Milwaukee Plans $217 Million Borrowing After Moody’s Rating Cut

Milwaukee, Wisconsin’s biggest city, plans to sell $217 million of debt next week after Moody’s Investors Service cut its rating, citing a declining tax base.

The municipality of about 599,000 along Lake Michigan is set to offer $107 million of general-obligation securities through competitive bid May 1, according to data compiled by Bloomberg. The city, home to Miller Brewing Co. and motorcycle manufacturer Harley-Davidson Inc., also plans to sell $110 million of short-term debt the same day.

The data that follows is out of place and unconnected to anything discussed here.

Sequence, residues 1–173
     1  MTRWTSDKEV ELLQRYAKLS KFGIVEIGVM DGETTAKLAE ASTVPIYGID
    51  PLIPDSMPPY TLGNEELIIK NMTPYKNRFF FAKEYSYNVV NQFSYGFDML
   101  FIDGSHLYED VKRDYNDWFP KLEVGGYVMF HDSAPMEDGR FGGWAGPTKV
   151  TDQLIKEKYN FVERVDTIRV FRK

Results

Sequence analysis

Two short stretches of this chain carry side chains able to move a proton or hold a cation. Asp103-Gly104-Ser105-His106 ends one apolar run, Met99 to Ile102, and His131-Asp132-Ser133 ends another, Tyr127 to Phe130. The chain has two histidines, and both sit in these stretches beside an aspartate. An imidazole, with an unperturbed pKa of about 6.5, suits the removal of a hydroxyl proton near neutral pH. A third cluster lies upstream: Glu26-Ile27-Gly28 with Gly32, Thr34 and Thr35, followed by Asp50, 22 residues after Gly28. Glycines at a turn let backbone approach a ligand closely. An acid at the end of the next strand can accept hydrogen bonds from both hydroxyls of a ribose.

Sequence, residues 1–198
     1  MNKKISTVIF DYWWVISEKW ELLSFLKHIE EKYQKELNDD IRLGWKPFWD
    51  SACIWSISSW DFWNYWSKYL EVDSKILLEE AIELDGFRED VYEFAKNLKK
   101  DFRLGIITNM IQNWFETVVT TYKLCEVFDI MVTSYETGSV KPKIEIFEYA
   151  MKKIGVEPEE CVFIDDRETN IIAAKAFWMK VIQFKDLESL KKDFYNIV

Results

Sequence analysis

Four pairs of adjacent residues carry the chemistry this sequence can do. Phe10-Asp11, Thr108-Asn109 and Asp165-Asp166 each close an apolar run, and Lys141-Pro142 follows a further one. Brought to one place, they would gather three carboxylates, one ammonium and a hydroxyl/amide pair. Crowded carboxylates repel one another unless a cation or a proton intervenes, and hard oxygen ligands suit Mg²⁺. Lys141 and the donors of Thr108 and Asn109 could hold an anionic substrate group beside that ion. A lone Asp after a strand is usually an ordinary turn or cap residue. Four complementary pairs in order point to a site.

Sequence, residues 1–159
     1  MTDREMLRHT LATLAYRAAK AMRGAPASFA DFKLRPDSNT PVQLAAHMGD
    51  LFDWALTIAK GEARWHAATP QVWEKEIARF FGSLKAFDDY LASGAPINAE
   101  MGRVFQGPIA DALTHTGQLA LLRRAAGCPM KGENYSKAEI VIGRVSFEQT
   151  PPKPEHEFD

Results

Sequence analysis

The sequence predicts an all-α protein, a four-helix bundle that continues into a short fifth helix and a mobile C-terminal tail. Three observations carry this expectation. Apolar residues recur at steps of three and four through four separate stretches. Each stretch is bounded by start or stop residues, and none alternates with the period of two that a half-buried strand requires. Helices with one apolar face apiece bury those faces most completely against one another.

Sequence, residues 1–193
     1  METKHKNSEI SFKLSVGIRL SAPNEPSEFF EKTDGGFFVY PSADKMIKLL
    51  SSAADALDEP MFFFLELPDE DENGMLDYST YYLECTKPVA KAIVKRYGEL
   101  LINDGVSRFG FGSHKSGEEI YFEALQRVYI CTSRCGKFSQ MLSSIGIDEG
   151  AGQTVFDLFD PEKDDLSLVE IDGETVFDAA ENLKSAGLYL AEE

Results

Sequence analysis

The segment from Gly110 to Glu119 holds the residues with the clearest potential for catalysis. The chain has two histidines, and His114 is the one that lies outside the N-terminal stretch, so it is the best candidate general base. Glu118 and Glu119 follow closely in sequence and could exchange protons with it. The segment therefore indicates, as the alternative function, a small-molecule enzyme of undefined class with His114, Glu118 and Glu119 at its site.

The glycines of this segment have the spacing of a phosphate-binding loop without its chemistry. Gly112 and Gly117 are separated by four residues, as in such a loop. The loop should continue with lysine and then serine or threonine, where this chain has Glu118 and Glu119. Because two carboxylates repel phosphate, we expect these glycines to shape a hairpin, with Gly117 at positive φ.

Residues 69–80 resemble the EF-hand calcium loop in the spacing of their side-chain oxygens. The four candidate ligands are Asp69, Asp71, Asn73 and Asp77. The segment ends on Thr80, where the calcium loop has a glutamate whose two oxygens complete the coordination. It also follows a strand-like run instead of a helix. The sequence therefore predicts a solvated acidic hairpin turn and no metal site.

Proceeds will finance public improvements and refinance debt, according to a sale notice.

Moody’s on April 9 lowered Milwaukee’s $811 million of debt to Aa3, three steps below the top, because of “weakened socio-economic indices.”

The city’s tax base valuation fell at an average annual rate of 4.2 percent in the past five years, according to Moody’s. The southeastern Wisconsin community should still remain the state’s economic center, Andrea Stenhoff, a Moody’s analyst, wrote in a report.

“Milwaukee benefits from a diverse economy that is becoming less reliant on manufacturing as employment in the health care and higher education sectors expands,” Stenhoff wrote.

Residents earn less than other Americans. The city’s median household income is $35,823, compared with $53,046 for the nation, according to U.S. Census data.

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